According to a statement posted on a website on Wednesday, the group said: "After granting the Russian government 48 hours to meet our demands and their failure to do so ... the Islamic court of the Mujahidin Shura Council ruled to kill them.
"And let them be an example for those who follow them and challenge the mujahidin and dare to step foot in the land of honour, Iraq."
The statement's authenticity, however, could not be verified, and it was unclear when the hostages might be killed.
It added that the Russian government "did not respond to our conditions for releasing its diplomats and gave no value to its citizens, only calling for their release while continuing its war against Islam and its people".
It said the decision to kill the four came "in revenge for our brothers everywhere with whose blood the Russians' hands have been stained" and would be "an example for those who might follow them and dare to defy the mujahidin [Muslim fighters]."
On Monday, the group said it was holding the four Russians and gave Moscow 48 hours to meet its demands.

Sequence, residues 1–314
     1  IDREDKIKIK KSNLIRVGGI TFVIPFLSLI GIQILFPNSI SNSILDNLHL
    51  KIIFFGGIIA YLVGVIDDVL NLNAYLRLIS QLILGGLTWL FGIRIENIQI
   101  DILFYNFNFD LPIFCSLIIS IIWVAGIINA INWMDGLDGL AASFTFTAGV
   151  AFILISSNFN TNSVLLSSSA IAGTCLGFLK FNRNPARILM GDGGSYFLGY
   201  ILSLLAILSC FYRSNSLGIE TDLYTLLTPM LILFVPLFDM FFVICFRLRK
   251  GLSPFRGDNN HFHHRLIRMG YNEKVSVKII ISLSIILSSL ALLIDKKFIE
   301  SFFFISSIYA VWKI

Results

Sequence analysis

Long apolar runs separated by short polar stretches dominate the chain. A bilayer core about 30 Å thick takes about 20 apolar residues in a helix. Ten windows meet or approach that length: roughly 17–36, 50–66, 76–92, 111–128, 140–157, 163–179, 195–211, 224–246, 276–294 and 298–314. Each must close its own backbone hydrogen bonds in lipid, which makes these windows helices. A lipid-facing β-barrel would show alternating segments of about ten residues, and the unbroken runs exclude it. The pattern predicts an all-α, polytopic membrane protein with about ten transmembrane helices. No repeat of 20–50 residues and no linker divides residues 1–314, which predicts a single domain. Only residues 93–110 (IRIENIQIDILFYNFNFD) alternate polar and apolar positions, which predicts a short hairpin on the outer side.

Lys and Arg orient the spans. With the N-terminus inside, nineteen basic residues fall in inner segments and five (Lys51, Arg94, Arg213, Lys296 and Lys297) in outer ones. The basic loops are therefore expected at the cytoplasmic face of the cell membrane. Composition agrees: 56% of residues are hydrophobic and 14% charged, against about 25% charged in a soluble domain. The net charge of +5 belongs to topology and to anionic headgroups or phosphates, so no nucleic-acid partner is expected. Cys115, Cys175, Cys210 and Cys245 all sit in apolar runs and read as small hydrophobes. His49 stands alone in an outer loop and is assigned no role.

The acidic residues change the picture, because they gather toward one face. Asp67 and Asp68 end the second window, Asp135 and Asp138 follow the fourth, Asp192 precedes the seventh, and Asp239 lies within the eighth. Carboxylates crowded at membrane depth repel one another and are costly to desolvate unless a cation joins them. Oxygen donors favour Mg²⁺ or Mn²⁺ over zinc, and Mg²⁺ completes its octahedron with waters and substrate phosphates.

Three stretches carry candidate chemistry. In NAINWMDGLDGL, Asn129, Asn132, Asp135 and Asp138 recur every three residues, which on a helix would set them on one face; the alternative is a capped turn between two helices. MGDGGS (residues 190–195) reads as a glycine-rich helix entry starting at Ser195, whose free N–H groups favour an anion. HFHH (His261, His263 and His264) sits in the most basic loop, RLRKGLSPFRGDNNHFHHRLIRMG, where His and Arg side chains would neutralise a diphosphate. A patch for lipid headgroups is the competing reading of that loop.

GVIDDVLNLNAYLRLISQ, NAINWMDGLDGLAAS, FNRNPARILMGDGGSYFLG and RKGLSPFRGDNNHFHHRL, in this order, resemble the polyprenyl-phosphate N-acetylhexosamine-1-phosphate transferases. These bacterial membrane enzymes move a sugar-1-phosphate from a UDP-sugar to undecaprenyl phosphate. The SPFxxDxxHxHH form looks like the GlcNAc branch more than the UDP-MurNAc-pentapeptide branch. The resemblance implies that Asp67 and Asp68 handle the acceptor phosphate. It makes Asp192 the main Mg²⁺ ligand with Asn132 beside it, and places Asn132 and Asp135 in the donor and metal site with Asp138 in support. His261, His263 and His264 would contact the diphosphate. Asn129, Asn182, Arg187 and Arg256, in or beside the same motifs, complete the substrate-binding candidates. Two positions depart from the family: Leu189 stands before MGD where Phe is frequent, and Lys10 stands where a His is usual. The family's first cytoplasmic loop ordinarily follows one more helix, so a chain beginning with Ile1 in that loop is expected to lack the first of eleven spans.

The council is an umbrella body composed of al-Qaeda in Iraq and several other groups, which has pledged to continue the battle against US-led forces despite the killing of Abu Musab al-Zarqawi, the leader of Iraq's al-Qaeda.
The decision came "in revenge for our brothers everywhere with whose blood the Russians' hands have been stained"
Mujahidin Shura Council
On June 3, four Russian embassy staff were kidnapped when gunmen blocked their vehicle in a Baghdad district and a fifth embassy employee was shot and killed.
Chechen fighters on Tuesday demanded the release of the hostages.
Akhmed Zakayev, the exiled foreign minister in the Chechen rebel "government", denied any links to the Mujahidin Shura Council.
The Russian foreign ministry called for the captives' immediate release and said: "The abduction of citizens of a country that is energetically helping to restore peace in Iraq" cannot be justified.